Translated from German by Sharmila Cohen

Living in the city is an aspiration for many in this dystopian novel. They remain in the slum-like peripheries, until assigned by the powers that be, usually after successfuly “casting” for some position or apprenticeship. To keep the plebs happy, the elite have created spectacular entertainments. The high-rise dive is one such.

The corridor between the buildings is a one thousand-meter drop … the woman steps to the outermost edge of the flat roof.

You follow the falling body … You see how it rotates around itself with perfect precision, first horizontally, then vertically, twisting into a ball and then stretching out again within fractions of a second. In the next moment you see the ground … She is plummeting towards it, threatening to crash. The hot sun-drenched asphalt is already palpable when her body suddenly shoots up, lifted by the flysuit’s™ flight mode, triggered at the last possible moment, fractions of a second before impact.

Riva Karnovsky is the greatest high-rise diver of them all. Yet one day she quits with no notice. She simply stops. Refuses to train, attend counselling sessions, talk to her partner. This cannot be permitted. Too much is at stake for the corporation concerned. The psychologist, Hitomi Yoshida, is recruited to watch Riva and advise on how best to bring her back to her productive best.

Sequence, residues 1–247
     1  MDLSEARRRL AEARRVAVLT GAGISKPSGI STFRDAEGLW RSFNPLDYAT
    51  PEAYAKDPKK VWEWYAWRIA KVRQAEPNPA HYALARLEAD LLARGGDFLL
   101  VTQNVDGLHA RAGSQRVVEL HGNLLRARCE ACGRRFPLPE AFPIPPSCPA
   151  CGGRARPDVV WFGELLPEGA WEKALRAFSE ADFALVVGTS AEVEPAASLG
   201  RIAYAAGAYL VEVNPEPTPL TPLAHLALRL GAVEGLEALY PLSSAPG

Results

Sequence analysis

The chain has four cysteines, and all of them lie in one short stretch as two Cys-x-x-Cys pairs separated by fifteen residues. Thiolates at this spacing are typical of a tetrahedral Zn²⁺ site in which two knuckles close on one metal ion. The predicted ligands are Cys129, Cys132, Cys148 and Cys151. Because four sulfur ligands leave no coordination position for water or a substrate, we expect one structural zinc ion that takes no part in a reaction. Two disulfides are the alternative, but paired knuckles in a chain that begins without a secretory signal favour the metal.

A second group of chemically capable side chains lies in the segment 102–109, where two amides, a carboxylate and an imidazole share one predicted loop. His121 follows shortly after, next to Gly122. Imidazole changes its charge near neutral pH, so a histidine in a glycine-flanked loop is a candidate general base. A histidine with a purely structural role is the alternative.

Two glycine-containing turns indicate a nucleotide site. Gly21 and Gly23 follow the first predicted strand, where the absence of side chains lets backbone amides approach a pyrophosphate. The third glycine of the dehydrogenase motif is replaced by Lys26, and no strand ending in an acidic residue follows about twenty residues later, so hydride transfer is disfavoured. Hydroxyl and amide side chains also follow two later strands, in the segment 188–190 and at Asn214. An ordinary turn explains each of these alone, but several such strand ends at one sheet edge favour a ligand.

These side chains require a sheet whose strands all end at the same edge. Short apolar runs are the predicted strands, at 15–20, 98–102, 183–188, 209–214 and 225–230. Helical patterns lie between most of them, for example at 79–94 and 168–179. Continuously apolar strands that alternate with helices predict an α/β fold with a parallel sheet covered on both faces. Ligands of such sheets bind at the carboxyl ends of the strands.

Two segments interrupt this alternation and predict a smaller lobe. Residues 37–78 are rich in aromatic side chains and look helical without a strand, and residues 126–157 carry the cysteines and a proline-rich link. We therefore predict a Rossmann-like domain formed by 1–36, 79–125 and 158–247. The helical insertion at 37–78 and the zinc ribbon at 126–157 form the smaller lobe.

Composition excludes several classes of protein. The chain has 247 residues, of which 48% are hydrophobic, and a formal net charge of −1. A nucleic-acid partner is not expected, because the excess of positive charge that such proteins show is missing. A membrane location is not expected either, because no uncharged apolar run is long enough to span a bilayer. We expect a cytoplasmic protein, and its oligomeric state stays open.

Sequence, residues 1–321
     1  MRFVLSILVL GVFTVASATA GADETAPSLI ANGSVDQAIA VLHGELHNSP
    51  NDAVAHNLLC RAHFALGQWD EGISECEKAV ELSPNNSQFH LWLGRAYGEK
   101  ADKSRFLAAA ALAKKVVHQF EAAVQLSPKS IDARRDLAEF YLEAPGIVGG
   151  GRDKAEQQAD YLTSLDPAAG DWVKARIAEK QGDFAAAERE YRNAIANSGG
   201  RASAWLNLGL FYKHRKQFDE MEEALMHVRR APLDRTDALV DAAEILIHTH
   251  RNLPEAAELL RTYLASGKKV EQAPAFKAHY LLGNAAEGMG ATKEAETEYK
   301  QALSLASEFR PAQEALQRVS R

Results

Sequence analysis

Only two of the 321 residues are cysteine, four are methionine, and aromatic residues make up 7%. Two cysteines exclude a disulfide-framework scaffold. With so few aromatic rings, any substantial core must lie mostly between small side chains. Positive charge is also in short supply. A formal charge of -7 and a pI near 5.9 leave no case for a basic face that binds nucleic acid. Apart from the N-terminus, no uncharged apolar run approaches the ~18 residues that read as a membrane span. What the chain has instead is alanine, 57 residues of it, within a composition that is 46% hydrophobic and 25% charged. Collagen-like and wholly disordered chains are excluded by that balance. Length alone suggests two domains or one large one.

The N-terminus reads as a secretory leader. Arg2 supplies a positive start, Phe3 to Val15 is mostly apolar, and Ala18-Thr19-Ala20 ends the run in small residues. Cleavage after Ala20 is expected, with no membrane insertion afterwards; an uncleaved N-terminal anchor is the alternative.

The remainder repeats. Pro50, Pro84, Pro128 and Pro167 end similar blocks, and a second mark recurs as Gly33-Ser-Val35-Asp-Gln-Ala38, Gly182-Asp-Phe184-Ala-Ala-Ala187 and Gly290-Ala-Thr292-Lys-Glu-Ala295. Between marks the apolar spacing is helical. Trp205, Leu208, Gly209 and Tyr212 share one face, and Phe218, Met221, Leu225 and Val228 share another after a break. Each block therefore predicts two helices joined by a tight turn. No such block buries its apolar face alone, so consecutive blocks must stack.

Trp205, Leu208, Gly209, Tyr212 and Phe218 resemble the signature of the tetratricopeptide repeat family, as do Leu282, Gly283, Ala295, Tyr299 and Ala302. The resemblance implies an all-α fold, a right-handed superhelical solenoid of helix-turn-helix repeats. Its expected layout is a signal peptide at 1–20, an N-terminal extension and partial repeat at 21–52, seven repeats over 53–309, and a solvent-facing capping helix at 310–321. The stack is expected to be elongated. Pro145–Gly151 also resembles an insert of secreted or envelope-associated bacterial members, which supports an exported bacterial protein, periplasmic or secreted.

Yoshida’s narrative reveals the complete lack of heart in this society. Performance is everything. Daily routines are prescribed: the amount of exercise, hours of sleep, nutrition. Yoshida must wear a tracker that records everything. It even bleeps when her heart rate rises, as it does more and more frequently as Riva fails to respond to her various strategies. This is not something Yoshida can ignore. This assignment was a promotion and she is proud of her new found status. As patience turns to anxiety to desperation and paranoia (entirely justified by instantaneous and continuous negative assessments from her superior), she slides into unethical, even illegal behaviour. She decides on one final high-risk intervention. If it goes wrong, she loses everything.

It’s clear at this point that Yoshida’s trajectory is itself a high-rise dive. The reasons for Riva’s issues are inadvertently revealed through the story of Yoshida’s own downward spiral, and that occurs despite her being a conformist in a society in which everything is corporatised and trademarked. (flysuit™, Call-A-Coach™, Casting Queens™ schoolgirlgiggle™) She doesn’t even question the existence of the surveillance cameras that allow her to treat Riva remotely, by proxy. Yet as her own mental state is fragmented by the continual pressure to succeed (and quickly, if you please!), memories of her childhood and its buried traumas resurface, resulting in a schism she is unable to bridge. At this point she is in free-fall with no flysuit™ to save her from the approaching crash. Her final decision is chilling and proves the extent of her brainwashing in a society intolerant of the unproductive humanity of its citizens. Very, very disturbing.